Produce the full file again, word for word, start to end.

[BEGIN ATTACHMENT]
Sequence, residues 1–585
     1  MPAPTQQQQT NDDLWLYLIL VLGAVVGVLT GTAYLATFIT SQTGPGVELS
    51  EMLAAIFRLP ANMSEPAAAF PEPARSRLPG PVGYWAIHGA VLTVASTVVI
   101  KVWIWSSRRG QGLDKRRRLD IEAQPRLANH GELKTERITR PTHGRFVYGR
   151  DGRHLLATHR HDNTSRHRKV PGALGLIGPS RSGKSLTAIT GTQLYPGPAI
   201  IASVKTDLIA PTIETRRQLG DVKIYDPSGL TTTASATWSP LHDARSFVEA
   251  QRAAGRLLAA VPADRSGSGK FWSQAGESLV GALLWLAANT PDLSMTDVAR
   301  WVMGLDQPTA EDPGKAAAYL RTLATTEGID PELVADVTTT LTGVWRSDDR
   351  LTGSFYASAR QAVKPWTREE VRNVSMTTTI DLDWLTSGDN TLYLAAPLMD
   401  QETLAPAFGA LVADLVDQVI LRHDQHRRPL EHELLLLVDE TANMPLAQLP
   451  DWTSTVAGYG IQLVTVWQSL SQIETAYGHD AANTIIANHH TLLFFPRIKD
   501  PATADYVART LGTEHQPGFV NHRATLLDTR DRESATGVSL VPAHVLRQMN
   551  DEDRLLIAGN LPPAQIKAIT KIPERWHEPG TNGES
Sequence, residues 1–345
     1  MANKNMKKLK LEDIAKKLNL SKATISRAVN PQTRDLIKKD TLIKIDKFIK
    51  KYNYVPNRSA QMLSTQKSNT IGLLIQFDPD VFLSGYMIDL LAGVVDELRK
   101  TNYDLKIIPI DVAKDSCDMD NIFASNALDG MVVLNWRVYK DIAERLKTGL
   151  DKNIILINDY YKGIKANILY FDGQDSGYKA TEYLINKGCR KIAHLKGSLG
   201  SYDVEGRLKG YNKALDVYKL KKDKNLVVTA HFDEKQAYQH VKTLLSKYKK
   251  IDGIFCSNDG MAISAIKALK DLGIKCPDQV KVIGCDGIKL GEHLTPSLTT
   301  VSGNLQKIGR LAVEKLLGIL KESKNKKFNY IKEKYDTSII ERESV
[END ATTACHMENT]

Sequence, residues 1–585
     1  MPAPTQQQQT NDDLWLYLIL VLGAVVGVLT GTAYLATFIT SQTGPGVELS
    51  EMLAAIFRLP ANMSEPAAAF PEPARSRLPG PVGYWAIHGA VLTVASTVVI
   101  KVWIWSSRRG QGLDKRRRLD IEAQPRLANH GELKTERITR PTHGRFVYGR
   151  DGRHLLATHR HDNTSRHRKV PGALGLIGPS RSGKSLTAIT GTQLYPGPAI
   201  IASVKTDLIA PTIETRRQLG DVKIYDPSGL TTTASATWSP LHDARSFVEA
   251  QRAAGRLLAA VPADRSGSGK FWSQAGESLV GALLWLAANT PDLSMTDVAR
   301  WVMGLDQPTA EDPGKAAAYL RTLATTEGID PELVADVTTT LTGVWRSDDR
   351  LTGSFYASAR QAVKPWTREE VRNVSMTTTI DLDWLTSGDN TLYLAAPLMD
   401  QETLAPAFGA LVADLVDQVI LRHDQHRRPL EHELLLLVDE TANMPLAQLP
   451  DWTSTVAGYG IQLVTVWQSL SQIETAYGHD AANTIIANHH TLLFFPRIKD
   501  PATADYVART LGTEHQPGFV NHRATLLDTR DRESATGVSL VPAHVLRQMN
   551  DEDRLLIAGN LPPAQIKAIT KIPERWHEPG TNGES
Sequence, residues 1–345
     1  MANKNMKKLK LEDIAKKLNL SKATISRAVN PQTRDLIKKD TLIKIDKFIK
    51  KYNYVPNRSA QMLSTQKSNT IGLLIQFDPD VFLSGYMIDL LAGVVDELRK
   101  TNYDLKIIPI DVAKDSCDMD NIFASNALDG MVVLNWRVYK DIAERLKTGL
   151  DKNIILINDY YKGIKANILY FDGQDSGYKA TEYLINKGCR KIAHLKGSLG
   201  SYDVEGRLKG YNKALDVYKL KKDKNLVVTA HFDEKQAYQH VKTLLSKYKK
   251  IDGIFCSNDG MAISAIKALK DLGIKCPDQV KVIGCDGIKL GEHLTPSLTT
   301  VSGNLQKIGR LAVEKLLGIL KESKNKKFNY IKEKYDTSII ERESV